Xandros Open Client Edition

Posted by: Anonymous Coward on July 08, 2006 01:34 AM
Xandros also offers an 'Open Circulation Edition' which can be <a href="" title="">downloaded</a> at no cost. I am not a Xandros user but the open circulation edition might be a good place for Windows refugees to kick the GNU/Linux tires.


Re:Xandros Open Client Edition

Posted by: Anonymous Coward on July 08, 2006 11:42 AM
The Xandros Open Circulation Edition is Version 3.2--so far the new Version 4.0 is not available in a free version. 3.2 is a good distro (I have used it for about 6 months) but I wish they would release an open edition of 4.0.


Re:Xandros Open Client Edition

Posted by: Anonymous Coward on July 11, 2006 05:57 AM
Regarding the implication that Xandros activation is using something similar to Windows Genuine Advantage is hogwash! WGA is intrusive - collecting SW and HW information and 'phoning home' with it on a regular basis.

Xandros does nothing like that at all.. it merely wants to make sure you are an actual Xandros user with a valid email address in order to use its free network service for downloading free software and updates. Nothing more nothing less. If you want to protect your 'real' email address - just use a fake account like yahoo or hotmail like everyone else does.

It took me all of a minute and a half to register and activate my Xandros Networks service - no problems at all.

I have seen this poster 'trolling' on other sites with this same nonsense about activation in hopes of stirring up controversey - and hopefully seeing they're name in lights! So be warned!

- and NO I am not going to reply to Pollycats endless rantings (I suspect he is not even an Xandros4 user)


Re:Xandros Open Client Edition

Posted by: Anonymous Coward on July 11, 2006 08:45 PM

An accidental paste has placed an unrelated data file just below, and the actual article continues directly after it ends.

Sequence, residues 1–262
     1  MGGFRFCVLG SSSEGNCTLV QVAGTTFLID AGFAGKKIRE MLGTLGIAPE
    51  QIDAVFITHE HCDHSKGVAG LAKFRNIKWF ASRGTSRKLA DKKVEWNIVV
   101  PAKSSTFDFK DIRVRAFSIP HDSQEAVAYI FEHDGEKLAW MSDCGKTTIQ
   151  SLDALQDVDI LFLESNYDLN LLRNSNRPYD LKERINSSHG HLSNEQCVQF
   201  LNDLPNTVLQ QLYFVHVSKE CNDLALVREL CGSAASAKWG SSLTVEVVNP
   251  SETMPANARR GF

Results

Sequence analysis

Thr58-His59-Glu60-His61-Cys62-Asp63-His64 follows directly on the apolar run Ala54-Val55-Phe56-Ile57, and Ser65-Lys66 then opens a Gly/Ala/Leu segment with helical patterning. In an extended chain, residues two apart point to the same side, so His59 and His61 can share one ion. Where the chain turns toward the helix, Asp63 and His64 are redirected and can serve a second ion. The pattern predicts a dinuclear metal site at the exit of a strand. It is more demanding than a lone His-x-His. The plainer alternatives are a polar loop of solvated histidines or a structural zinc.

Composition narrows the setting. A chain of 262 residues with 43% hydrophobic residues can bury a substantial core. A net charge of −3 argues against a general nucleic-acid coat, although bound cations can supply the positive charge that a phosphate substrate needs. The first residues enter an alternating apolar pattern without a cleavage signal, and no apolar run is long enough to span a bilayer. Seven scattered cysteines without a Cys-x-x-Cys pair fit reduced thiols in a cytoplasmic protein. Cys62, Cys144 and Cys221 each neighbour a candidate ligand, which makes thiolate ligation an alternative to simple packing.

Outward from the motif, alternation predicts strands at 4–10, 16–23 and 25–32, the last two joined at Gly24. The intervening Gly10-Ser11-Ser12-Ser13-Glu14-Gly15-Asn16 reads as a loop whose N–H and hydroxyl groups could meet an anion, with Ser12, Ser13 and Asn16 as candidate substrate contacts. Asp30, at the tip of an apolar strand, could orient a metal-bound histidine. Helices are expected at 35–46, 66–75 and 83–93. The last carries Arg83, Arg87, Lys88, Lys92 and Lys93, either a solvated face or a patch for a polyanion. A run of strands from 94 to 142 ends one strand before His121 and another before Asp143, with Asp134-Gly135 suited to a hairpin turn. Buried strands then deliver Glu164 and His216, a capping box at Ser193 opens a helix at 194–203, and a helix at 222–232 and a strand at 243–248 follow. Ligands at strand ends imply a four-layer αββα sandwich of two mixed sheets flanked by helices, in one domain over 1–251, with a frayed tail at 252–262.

Actually, what Pollycat wrote sounds very reasonable and level-headed while you just sound like an angry fanboi out to attack somebody who doesn't share your liking for your distro. Chill out, man!<nobr> <wbr></nobr>:)

Whatever<nobr> <wbr></nobr>... I wouldn't trust activation in any shape or form, even a watered down version like you describe.


Re:Xandros Open Client Edition

Posted by: Anonymous Coward on July 11, 2006 09:07 PM
Sounds like you're the one doing the ranting lol


Distro of a different path

Posted by: Anonymous Coward on July 08, 2006 10:37 PM
It's quite interesting to know that Xandros had gone into a different path.

There is another distro worth mentioning here, Tomahawk Desktop ( which also has gone on a unique path.

It seems that free distros such as Ubuntu are in the version number war and cannot offer important features require for desktop users.


Re:Distro of a different path

Posted by: Anonymous Coward on July 10, 2006 03:21 PM
"There is another distro worth mentioning here, Tomahawk Desktop ( which also has gone on a unique path."

Oh really? Howso? by putting a very restrictive license on a CD full of open source apps?


Oh, I see. You're just spamming to advertise your unsuccessful commercial distro. Nice touch, vaguely accusing a very successful distro of not offering important features.


Sleeping with the devil

Posted by: Anonymous Coward on July 11, 2006 04:26 AM
Maybe this distribution is good for some people.
But not for me.

Going from Windows to Linspire is going from one slave master to another, and Xandros dont sound much better...

But if it can help some people move from Windows to Linux, then I guess it is good in some way...


Re:Sleeping with the devil

Posted by: Anonymous Coward on July 11, 2006 09:38 AM